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Wednesday, September 27, 2023

Ferrari Mania? Azimut to Launch ‘Evergreen Fund’ to Invest in Classic Cars 

Azimut will only wager on vehicles costing more than 1 million euros each

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ITALY: In 1977, a Ferrari owner sold his 1962 250 GTO due to his wife’s complaints. In 2018, the same model sold for $48 million, breaking all previous records for the most expensive vehicle ever sold. In 2017, a 1955 Mercedes-Benz 300 SLR Uhlenhaut Coupé sold for 135 million euros.

The value of vintage automobiles has increased by 185% over the last ten years, outpacing luxury rivals such as wine, watches, and art. The market has grown beyond a small community of collectors to include investors intrigued by the potential of large profits and a lack of connection to traditional portfolio assets.

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Giorgio Medda, CEO and worldwide head of asset management at Italy’s Azimut, is launching the first “evergreen” fund in the world to invest in classic cars. It will only wager on vehicles costing more than 1 million euros each and will choose cars with interesting histories. Alberto Schon, the owner of Ferrari and Maserati dealer Rosso Corsa, is the fund’s advisor.

Hetica Capital launched a 50 million euro “closed-end” fund in 2021, while Azimut’s fund has no expiration date and can accept fresh money forever. The Hetica fund has invested in 12 automobiles and plans to buy 30-35 by the end of the fifth year, leaving the final two years for selling and paying investors. It has big ideas and has never been able to create a portfolio of varied cars and diversified investors.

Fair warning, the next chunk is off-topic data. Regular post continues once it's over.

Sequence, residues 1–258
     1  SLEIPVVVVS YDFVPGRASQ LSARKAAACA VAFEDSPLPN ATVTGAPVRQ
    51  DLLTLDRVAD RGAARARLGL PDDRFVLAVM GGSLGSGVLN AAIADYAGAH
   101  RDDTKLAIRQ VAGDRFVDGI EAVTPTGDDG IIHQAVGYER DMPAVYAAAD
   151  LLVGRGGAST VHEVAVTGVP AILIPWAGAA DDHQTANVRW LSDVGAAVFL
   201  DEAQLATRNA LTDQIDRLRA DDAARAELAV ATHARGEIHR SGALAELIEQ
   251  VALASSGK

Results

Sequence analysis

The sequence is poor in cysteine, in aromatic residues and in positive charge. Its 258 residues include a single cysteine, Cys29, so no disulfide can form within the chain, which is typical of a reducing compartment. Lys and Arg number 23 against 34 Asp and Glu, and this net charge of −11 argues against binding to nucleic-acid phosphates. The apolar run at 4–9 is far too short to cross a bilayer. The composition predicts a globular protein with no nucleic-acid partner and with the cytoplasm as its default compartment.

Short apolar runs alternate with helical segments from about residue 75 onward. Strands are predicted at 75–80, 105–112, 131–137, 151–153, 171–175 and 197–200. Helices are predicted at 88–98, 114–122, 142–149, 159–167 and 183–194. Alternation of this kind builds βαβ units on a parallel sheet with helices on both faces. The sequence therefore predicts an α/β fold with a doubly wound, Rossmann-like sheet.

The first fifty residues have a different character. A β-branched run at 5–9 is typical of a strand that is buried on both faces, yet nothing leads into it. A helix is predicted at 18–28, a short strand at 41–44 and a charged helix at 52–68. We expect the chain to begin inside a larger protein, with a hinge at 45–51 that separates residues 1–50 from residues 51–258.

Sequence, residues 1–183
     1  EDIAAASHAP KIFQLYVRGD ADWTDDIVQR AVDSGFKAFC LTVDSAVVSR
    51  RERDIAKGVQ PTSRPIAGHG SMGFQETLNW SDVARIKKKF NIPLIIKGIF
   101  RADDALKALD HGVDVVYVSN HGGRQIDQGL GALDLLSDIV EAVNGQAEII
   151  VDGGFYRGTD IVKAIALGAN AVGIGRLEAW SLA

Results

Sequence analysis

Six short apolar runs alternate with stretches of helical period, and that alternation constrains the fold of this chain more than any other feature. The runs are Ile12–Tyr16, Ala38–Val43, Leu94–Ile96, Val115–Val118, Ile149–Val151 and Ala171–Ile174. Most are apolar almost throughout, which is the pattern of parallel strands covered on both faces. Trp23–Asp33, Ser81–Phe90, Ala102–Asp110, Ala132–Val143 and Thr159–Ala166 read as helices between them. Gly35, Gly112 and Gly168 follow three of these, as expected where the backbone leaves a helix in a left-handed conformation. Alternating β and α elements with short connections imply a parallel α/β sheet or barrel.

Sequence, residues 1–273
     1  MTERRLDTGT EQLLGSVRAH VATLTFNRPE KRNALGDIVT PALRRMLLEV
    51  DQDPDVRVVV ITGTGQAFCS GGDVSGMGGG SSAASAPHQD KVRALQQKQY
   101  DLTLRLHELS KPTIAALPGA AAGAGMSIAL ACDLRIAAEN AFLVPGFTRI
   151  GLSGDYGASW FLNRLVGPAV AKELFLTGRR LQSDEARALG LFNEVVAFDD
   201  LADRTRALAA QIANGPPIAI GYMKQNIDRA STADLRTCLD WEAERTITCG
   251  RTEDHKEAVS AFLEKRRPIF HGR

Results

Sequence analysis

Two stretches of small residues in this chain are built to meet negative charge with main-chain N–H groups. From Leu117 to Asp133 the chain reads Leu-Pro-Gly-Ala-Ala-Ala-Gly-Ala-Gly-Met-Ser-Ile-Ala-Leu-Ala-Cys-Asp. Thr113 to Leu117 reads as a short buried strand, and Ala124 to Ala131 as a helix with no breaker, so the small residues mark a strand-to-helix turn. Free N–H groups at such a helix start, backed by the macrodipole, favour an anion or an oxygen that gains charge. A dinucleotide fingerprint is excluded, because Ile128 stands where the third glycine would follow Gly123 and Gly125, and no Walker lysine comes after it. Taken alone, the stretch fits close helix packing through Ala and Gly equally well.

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The minimum investment threshold for Azimut and Hetica funds in Luxembourg is 125,000 euros, and Hetica’s Klassik Fund has to turn down calls from people wishing to invest 1,000-2,000 euros.

Florian Zimmermann, who has amassed a collection of 300 vintage cars, estimates that running costs for car collections could amount to 5-6% of the portfolio’s value. To keep these automobiles in working order, investors need to invest a lot of money, and automakers can make money from investment funds managing automobile portfolios.

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Mercedes-Benz Classic’s experts can vouch for a classic model’s authenticity, but the certification process can cost up to 20,000 euros. The market for classic automobiles is growing, with the value of historic cars increasing by 25% in 2022. Hagerty estimates the total value of all auctions and private sales for collector vehicles worldwide is around $80 billion annually.

Hagerty reported $3.4 billion in auction sales in 2022, compared to $774 million in 2007, with North America still the largest market. Market players predict that electrification will benefit classic cars, leading to their development into cult items. Ferraris are the most valuable antique vehicles, according to Adolfo Orsi, who founded the Classic Car Auction Yearbook and collected statistics on auction sales since 1990.

In 2021-2022, Ferraris brought in an average of $589,000 at auction, followed by Mercedes-Benz vehicles at $378,000 and Porsche vehicles at $348,000. In the last five to ten years, the classic automobile world has undergone a great deal of change.

Also Read: Ferrari Struggles Continue; Not What We Expected with the Car, Says Vasseur


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